Farma Sotira

Heart of the business
Restaurant, fish farm, animal husbandry

Location
Go to Map

Nearby
Leskovik

Transport

Public minibuses from Gjirokastra/Permet/Leskovik to Erseka/Korca (or vice versa) pass by, ask the driver to get off at Farma Sotira.
By car, the farm is located at a bend in the Leskovik-Erseka SH75 national road, signposted along the approach and at the entrance of the farm.
The approach from both Korca and Permet is long and windy,but despite this being the only main road through the province, there is little traffic and views are absolutely stunning.

Lodging

In cosy wooden family bungalows with a private
bathroom, starting from €30/night, with one’s own
campervan or tent, or in simple wooden cabins with shared bathrooms.

What to do

Hiking, horseback riding, farm tour, cooking classes, participation in the farm work.

What to bring back

Memories of an incredible mountain horse ride.

Information

If you’re looking to get away from city life as far as possible, Farma Sotira is the place for you. The epitome of remoteness, this farm lies far from urban bustle in the south-eastern county of Kolonja, at 1000m of elevation, close to the Greek border. Anyone travelling from Permet to Korca will inevitably pass by this place, and many will stop to stretch their legs and take a coffee, cold drink, or even a meal. But only those who stay here for a night – or even a week – will discover all that Farma Sotira has to offer.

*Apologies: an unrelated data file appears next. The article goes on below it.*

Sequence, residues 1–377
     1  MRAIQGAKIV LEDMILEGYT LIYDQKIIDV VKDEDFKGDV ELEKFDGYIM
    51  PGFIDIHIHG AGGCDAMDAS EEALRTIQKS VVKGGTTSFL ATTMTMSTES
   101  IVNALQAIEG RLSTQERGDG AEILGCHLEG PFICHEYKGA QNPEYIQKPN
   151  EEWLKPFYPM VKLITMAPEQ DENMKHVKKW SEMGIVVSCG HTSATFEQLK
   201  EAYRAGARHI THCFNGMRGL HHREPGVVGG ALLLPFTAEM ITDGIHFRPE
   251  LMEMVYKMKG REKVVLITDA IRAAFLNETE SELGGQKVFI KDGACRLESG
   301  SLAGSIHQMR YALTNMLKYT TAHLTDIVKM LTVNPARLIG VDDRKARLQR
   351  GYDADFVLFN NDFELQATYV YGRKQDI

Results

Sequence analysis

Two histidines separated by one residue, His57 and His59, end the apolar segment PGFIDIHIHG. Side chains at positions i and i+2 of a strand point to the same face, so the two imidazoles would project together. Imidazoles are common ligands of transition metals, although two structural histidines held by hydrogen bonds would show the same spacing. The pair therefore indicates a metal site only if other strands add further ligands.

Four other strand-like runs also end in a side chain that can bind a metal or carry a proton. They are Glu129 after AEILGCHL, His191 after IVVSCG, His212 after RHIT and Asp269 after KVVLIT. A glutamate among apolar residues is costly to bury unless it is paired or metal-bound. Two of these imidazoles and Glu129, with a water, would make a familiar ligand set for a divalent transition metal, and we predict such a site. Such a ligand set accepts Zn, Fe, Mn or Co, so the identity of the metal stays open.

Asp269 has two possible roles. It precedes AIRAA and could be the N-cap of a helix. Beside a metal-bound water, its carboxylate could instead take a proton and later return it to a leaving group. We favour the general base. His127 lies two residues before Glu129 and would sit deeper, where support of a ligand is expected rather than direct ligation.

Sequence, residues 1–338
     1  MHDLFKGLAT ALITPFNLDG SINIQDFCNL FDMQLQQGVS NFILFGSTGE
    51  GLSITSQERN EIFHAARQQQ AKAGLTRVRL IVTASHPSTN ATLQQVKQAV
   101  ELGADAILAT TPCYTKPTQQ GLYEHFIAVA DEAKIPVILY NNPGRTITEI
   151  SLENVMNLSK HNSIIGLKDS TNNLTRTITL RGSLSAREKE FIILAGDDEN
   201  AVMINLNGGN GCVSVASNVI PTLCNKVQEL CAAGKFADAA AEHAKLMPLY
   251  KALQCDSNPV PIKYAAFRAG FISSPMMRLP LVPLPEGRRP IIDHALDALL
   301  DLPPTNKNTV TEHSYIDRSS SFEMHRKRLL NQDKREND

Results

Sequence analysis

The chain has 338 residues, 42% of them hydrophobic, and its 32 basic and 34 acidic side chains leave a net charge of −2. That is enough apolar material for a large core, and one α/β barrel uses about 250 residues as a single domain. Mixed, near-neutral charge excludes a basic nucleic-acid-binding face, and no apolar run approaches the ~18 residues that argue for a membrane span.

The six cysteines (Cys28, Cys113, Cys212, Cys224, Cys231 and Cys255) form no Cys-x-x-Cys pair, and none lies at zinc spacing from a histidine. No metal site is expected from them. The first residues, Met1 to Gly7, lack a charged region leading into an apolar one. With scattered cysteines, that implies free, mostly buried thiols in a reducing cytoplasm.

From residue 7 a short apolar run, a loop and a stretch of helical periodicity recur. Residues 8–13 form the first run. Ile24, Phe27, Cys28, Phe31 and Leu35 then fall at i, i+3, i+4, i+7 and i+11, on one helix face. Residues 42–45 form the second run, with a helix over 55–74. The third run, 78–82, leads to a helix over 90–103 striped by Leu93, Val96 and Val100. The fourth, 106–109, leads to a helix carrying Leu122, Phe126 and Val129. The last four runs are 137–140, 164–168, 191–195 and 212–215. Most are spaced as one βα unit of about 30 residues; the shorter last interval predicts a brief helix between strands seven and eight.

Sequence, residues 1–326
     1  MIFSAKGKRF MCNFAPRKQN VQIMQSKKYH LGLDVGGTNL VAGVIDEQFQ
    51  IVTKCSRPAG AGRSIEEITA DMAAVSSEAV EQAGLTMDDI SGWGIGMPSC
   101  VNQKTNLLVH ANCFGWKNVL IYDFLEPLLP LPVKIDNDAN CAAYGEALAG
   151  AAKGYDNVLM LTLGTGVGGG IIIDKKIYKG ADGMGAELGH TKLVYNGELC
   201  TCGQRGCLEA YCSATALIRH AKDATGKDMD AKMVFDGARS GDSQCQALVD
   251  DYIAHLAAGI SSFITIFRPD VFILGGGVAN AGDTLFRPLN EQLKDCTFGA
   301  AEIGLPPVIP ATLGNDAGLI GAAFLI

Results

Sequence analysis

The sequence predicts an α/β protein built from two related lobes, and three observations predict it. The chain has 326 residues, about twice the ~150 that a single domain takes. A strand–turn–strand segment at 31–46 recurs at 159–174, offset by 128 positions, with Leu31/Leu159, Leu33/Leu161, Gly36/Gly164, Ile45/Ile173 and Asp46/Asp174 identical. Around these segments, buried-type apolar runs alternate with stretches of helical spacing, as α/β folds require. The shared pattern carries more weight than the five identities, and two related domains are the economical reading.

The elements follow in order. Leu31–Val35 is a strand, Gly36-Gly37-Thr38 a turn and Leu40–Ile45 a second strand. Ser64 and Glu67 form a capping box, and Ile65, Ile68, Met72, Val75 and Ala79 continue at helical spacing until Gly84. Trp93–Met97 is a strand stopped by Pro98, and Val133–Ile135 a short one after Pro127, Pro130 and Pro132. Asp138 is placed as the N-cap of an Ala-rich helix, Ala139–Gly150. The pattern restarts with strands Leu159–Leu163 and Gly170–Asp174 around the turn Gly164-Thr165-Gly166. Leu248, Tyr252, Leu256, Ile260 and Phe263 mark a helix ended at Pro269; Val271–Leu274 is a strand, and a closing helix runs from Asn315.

Initially, the business started out as a fish farm. Jeton Hida, who everyone just calls by his nickname Toni, grew up in the tiny town of Leskovik, a
20-minute drive away. He has a background in mechanical engineering, and worked in Greece for several years, where he and his wife Jonida, originally from Fier, met. Together they returned from Greece and in 1999 tried their luck raising river trout and opened a small local restaurant where they offered their fresh fish. They gave their venture the name Sotira after a village once located here, but abandoned after the Second World War. The restaurant developed well, and five years later, they expanded the business. In 2005, when the farm started drawing in more and more visitors, a few guest rooms were opened.